Food Chemistry Basics: Proteins, Fats, and Carbs (part 3) - Carbohydrates - Major Sugar Buzz, Glucose Is Energy Fuel, but Not by the Ton

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3. Carbohydrates

Carbs, or carbohydrates, seem to always be discussed as “high” or “low,” but never quite in between. The latest rage is “low carb.” When I was fueling long-distance races in my cardio endurance days, it was high carb with adequate protein, but keep fats low. The bodybuilders, no matter what else was happening, seemed less fat-phobic, drinking their eggs and guzzling their whole milk along with everything else they consumed.

The carbs range from the simple (sucrose or table sugar) to the complex (starch). The simplest building blocks of carbs are monosaccharides, single-unit molecules such as glucose, fructose, and galactose.

These molecules are rarely consumed in food as-is; they are the products of digestion that are absorbed from the small intestine into the bloodstream or liver (in the case of fructose). In other words, glucose and the others are usually connected together into disaccharides (two-unit sugars) or more complex food molecules called oligosaccharides (bigger-than-two-unit sugars resulting from the breakdown of complex polysugars). Polysaccharides are the most complex sugars, like starch or cellulose.

Figure 4 shows a sucrose molecule, which is what the table sugar you might sprinkle into your tea or coffee is made of. Sucrose is made up of a glucose molecule attached to a fructose molecule (so sucrose is actually about 50 percent fructose, which is worth keeping in mind if you want to reduce your daily fructose intake). Every carbohydrate is made of a carbon “backbone” with hydrogen and oxygen molecules attached to it. This combination of molecules gives carbohydrates their name.

A glucose attached to a fructose equals a sucrose (source: ); green is carbon, red is oxygen, and white is hydrogen

Figure 4. A glucose attached to a fructose equals a sucrose ; green is carbon, red is oxygen, and white is hydrogen

When my son was finished romping about a Vermont village on Halloween, 2011, he returned with a bag full of sucrose (I’m imploring him to give a lot of it away, and/or make it last months...). When you eat candy like a 3 Musketeers bar, that mush pile of addictively tasty sucrose makes it down to the small intestine, where the sucrose molecule has to be “cleaved” into smaller parts before the sugar or monosaccharides ever make it across the intestinal barrier to the bloodstream.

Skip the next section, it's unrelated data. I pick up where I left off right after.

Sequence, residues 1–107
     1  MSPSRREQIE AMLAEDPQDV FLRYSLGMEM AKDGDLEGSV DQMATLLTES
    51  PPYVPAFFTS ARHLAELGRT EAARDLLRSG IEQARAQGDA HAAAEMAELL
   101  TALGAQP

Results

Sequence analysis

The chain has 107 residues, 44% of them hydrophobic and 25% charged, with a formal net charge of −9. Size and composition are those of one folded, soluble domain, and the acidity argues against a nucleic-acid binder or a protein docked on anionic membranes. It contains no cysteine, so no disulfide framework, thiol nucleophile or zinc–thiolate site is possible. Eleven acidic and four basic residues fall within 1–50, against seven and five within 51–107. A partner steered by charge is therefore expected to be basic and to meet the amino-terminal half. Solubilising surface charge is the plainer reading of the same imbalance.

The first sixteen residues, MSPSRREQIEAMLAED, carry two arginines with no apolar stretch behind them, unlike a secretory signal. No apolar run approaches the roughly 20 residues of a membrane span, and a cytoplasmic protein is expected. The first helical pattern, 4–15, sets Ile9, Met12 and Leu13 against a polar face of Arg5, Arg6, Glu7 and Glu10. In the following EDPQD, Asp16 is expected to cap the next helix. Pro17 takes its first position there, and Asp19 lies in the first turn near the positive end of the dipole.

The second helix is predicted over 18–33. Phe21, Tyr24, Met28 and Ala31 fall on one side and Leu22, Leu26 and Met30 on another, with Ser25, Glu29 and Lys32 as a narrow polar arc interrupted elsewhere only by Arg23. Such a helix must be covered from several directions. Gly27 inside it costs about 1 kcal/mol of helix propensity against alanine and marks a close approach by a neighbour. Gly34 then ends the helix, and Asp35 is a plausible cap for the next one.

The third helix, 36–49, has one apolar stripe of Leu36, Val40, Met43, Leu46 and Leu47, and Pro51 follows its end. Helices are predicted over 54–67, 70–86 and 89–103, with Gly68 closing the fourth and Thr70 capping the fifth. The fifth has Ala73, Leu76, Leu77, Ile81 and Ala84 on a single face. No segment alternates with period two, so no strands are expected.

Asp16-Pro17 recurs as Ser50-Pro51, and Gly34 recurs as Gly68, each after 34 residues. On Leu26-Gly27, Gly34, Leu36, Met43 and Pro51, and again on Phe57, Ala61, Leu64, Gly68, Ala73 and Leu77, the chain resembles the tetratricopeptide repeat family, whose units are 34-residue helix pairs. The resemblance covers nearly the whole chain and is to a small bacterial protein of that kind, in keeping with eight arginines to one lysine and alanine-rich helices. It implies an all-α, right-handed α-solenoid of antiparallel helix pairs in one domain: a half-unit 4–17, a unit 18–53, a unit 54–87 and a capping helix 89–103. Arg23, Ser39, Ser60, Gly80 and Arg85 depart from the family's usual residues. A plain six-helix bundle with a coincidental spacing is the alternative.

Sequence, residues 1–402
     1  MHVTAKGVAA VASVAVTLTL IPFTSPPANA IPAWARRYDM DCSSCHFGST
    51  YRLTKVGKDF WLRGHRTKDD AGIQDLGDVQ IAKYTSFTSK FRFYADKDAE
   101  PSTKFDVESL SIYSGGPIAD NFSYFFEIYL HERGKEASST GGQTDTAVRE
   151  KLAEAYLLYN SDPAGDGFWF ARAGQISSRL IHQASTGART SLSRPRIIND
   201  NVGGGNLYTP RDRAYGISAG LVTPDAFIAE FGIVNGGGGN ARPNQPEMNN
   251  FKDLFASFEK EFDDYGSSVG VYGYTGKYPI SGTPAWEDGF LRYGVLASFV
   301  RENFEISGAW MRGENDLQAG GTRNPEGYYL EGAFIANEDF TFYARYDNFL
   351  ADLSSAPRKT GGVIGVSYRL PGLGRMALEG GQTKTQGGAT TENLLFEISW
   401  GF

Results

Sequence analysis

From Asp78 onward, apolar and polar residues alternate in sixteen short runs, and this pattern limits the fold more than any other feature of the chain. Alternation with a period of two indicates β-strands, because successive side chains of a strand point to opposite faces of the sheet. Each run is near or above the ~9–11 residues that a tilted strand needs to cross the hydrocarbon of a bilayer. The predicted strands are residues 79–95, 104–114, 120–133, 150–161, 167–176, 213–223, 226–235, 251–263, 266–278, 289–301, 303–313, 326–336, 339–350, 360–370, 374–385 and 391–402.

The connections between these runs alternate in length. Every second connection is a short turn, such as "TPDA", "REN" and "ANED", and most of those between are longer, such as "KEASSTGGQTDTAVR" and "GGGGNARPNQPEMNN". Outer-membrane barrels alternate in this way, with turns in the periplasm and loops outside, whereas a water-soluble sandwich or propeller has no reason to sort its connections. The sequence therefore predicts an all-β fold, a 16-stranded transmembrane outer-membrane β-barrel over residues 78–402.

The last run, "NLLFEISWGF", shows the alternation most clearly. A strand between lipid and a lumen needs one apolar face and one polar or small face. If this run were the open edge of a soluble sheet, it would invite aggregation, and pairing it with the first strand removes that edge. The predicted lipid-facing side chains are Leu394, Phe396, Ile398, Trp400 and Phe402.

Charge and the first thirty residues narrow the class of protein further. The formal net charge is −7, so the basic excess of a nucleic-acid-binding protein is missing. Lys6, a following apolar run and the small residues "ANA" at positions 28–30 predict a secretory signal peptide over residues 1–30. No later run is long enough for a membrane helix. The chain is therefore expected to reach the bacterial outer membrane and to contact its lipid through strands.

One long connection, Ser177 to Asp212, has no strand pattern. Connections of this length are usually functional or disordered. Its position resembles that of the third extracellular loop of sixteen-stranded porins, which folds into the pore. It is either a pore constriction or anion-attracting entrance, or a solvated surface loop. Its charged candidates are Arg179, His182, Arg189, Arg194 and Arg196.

Nutrients have transporters that ferry them to the great beyond across the intestinal surfaces; no sugars beyond the simple sugars or monosaccharides have these transporters.

The sucrose molecules are split apart into glucose and fructose molecules with the aid of enzymes that are present in the small intestine. The enzyme in question for the 3 Musketeers bar is sucrase (the “-ase” suffix usually signals an enzyme, just like the “-ose” suffix means a sugar). Similarly, lactose, a dissacharide milk sugar, requires lactase to be digested, and maltose has its digestive companion maltase (hey, a sensible biochemical naming strategy!).

3.1 Major Sugar Buzz

The chocolate bar, the full-sized bar that I used to like to see in my own Halloween bag, contains 40 grams of sugar.3 This is about 160 calories that consists of 20 grams of glucose and 20 grams of fructose.

Glucose goes into the bloodstream, where it can be utilized by the brain for energy, or taken up by the muscle cells or the liver to be reassembled into glycogen, a special starch that animals like us store for later use (more on starch coming right up). Excess carbs can and often are stored as fat, via the sultriest term ever invented for body-fat-making processes: de novo lipogenesis (DNL). DNL takes place in the liver as well as in peripheral storage depots for your fats, like around your hips.

The body has to get rid of excess glucose—in a way, dispose of it—because it’s toxic to cells in excess quantities. If your glycogen is already topped off (because you’ve eaten a lot of carbs, or you simply never use it up by moving around), so you don’t have room to store more glucose in the form of starch in your body, the sugar can be oxidized (burned as fuel) by skeletal muscle cells for energy. Or, the body can store the glucose as fat in the liver or adipose tissue (other fat depots in the body).

3.2 Glucose Is Energy Fuel, but Not by the Ton

If you cannot store or burn up the glucose you’ve consumed, you may have the beginnings of high fasting glucose, or excess sugars dissolved in your plasma or blood. This is why the typical doc’s office annual visit involves a test for fasting glucose, to determine if you’re metabolically handling sugar and associated hormones (e.g., insulin and leptin) okay.


You can keep your blood-sugar metabolism out of the prediabetic range (measured by some medical associations or countries’ standards as a persistent fasting glucose level of 100 or more) by keeping your calorie and carb consumption within bounds—i.e., in line with your total energy expenditure. Intermittent fasting helps lower your fasting glucose levels .

The hepatic portal vein, a conduit of blood and nutrients to the liver, takes fructose, a simple sugar that is part of sucrose, to the liver to be metabolized and detoxified .

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